The only thing I didn't like about the layout that I picked (there's a fairly wide variety) is that not every page had a text box, so I couldn't label all the places I shot.
This is the centerfold.
Somewhere nearby is a baby bird!
The caladiums are enormous this year.
It's behind a chain link fence, but rule #1 of abandoned building photography is never underestimate the power of local teens to make holes in chain link. As it happened, sneaking onto the property turned out to be unnecessary. There was an elderly gent mowing the property, and he said so long as I didn't try to enter the building I could walk around. The building isn't safe, some of the floors have collapsed and it's full of asbestos.
And the new batteries did the trick, obviously. So this is the 35mm I'm bringing to California.
No scratches/hairs/whatever (cementing my resolve to use the Walgreen's in Lafayette from now on), but about half of the photos were really underexposed. I panicked for about a second--this is both one of my most expensive and most often used 35mm cameras--then realized it was probably the batteries. They're over 2 years old and like I said, I use this camera fairly frequently. Sure enough, the indicator light was flickering. I put in some new batteries and now the light is steady. I'm going to shoot another roll just to be 100% sure, and barring any further problems, this is the camera I'm going to take to SoCal.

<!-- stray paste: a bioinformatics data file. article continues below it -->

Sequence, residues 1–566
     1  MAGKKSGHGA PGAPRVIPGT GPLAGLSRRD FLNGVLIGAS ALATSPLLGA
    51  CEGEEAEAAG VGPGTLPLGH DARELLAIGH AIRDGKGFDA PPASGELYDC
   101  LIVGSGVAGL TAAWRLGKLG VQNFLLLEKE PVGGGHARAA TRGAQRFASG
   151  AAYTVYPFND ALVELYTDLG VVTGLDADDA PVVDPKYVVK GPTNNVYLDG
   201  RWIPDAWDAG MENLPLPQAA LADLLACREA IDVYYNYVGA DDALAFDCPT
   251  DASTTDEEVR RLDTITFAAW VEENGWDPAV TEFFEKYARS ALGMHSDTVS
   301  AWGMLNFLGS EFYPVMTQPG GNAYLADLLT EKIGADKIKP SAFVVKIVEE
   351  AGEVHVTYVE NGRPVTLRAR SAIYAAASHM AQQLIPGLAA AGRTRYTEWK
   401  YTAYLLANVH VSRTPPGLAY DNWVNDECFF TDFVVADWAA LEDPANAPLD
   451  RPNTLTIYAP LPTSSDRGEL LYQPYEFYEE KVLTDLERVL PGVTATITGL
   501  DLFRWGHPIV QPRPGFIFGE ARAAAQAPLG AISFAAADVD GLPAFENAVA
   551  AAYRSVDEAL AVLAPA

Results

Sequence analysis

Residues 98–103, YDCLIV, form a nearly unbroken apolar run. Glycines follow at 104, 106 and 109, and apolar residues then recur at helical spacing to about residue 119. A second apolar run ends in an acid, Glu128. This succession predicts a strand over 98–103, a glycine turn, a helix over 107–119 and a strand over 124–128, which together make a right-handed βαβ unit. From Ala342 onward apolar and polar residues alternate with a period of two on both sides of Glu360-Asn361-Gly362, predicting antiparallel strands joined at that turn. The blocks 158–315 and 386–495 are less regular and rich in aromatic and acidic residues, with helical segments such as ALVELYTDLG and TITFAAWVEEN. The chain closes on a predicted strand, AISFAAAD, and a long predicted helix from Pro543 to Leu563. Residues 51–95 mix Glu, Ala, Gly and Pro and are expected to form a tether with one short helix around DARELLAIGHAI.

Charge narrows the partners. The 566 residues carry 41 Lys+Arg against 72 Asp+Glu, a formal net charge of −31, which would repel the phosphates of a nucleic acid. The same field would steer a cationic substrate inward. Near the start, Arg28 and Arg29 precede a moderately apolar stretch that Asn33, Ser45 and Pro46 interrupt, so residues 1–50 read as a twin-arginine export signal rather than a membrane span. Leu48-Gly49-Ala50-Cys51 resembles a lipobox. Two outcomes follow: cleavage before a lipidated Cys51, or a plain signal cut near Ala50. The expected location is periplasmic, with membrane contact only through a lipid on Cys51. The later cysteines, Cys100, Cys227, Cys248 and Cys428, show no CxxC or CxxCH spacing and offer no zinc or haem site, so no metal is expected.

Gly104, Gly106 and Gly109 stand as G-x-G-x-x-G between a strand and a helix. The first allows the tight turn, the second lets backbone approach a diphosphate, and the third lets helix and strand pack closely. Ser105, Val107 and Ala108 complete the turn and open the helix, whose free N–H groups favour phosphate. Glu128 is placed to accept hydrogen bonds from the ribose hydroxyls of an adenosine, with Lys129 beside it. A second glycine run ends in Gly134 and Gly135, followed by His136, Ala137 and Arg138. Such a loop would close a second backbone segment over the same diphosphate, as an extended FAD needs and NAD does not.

We had a lot of rain last weekend, so I decided to stay in town. If it started raining while I was shooting, I could always go home and wait it out, or run errands. A lot of what I like to shoot in south Louisiana--old and/or abandoned buildings, tiny cemeteries, beautiful churches--are right here in Abbeville, but I tend to ignore them in favor of something I need to drive 2 hours to photograph!
That said, it was really interesting even to me. It pretty much only dealt with the American involvement in the Pacific Theater and the Western Front, which at first annoyed me as sometimes I feel like we try to pretend we fought that war single-handed (and conveniently ignore that we never would have won without the eeeeevil Soviets fighting with us). But it is the NATIONAL Museum after all, and the narrow focus allows it to go into lots of detail.
You know how we had all that terrible, racist anti-Japanese propaganda? Well, they had it about us! This is supposed to be FDR, although the gent standing next to me opined that it more closely resembled "a demonic Jay Leno".
Soldiers got cigarettes in their rations. Cigarettes are good for you! They make you more manly and they cure syphilis!
The Allies did a lot of crazy stuff to fake out the Nazis about where the D-Day invasion would land, including dummy paratroopers.
Enigma Machine! I've only ever seen photos.
"I'm in the French Resistance but it's a secret, so don't tell anyone."